CodeRage 2022: Challenges of Multi-threaded Programming

Here you can find slides from my CodeRage 2022 presentation about Challenges of Multi-threaded Programming , as well as additional links to code examples related to the presentation. Slides: Additional links: Thread-safe Event Bus: Books: Delphi Event-based and Asynchronous Programming: Code Examples: Book: Delphi Thread Safety Patterns: Code Examples: Book: Delphi Memory Management: Code Examples: Book: Replay of the presentation can be found at:

Zeroing Weak Object References

In the two-part post series, The purpose of weak references - Part I and The purpose of weak references - Part II , I wrote about the purpose of weak references in automatic reference counting, as well as in manual memory management, where they are commonly referred to as non-owning references. In ARC, object references to reference-counted objects are unsafe, non-zeroing weak references, and in manual memory management, non-owning references to an object instance are also unsafe. Unsafe, in the above context, means that you can safely use such references only if the object instance they point to always has a longer lifetime than the unsafe reference, or that there is additional mechanism (code) that will notify you when the object is destroyed, so you know the reference is not pointing to a valid object anymore. In manual memory management, TComponent implements such a notification mechanism. However, there are two downsides: first, it only works with TComponent descendants; and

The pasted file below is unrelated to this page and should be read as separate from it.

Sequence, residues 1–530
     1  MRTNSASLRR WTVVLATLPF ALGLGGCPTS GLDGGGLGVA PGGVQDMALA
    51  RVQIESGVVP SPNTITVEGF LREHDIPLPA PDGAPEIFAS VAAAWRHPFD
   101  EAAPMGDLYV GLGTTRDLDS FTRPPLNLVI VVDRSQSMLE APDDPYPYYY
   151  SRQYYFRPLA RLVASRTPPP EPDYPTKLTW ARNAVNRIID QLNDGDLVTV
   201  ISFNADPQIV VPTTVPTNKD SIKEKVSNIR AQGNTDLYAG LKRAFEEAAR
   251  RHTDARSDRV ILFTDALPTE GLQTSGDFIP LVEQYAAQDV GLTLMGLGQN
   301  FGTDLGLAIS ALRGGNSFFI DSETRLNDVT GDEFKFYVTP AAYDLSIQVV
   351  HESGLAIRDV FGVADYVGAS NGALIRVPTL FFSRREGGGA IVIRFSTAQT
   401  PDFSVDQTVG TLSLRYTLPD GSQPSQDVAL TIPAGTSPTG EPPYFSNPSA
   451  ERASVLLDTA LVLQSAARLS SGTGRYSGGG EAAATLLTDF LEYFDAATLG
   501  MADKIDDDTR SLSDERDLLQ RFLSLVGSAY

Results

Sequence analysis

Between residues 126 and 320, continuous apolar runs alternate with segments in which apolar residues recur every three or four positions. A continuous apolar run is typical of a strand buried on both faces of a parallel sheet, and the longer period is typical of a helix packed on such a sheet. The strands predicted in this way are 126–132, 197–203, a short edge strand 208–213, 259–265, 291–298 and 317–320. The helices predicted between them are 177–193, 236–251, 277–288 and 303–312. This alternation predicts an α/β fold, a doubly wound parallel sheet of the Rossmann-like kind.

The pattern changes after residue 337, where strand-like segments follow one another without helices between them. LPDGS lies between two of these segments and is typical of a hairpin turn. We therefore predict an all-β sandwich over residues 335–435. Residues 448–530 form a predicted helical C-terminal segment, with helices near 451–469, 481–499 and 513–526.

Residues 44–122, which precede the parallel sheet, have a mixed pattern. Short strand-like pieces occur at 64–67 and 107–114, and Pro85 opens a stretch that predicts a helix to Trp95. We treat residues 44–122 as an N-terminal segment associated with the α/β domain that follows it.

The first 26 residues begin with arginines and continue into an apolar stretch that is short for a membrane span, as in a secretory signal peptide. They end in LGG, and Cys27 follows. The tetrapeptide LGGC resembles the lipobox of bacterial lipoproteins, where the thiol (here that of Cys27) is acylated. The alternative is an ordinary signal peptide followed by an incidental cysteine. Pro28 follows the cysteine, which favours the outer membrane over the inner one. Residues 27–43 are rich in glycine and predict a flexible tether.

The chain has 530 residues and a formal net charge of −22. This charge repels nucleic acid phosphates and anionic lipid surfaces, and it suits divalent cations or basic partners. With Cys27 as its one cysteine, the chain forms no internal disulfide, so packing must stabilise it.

The purpose of weak references - Part II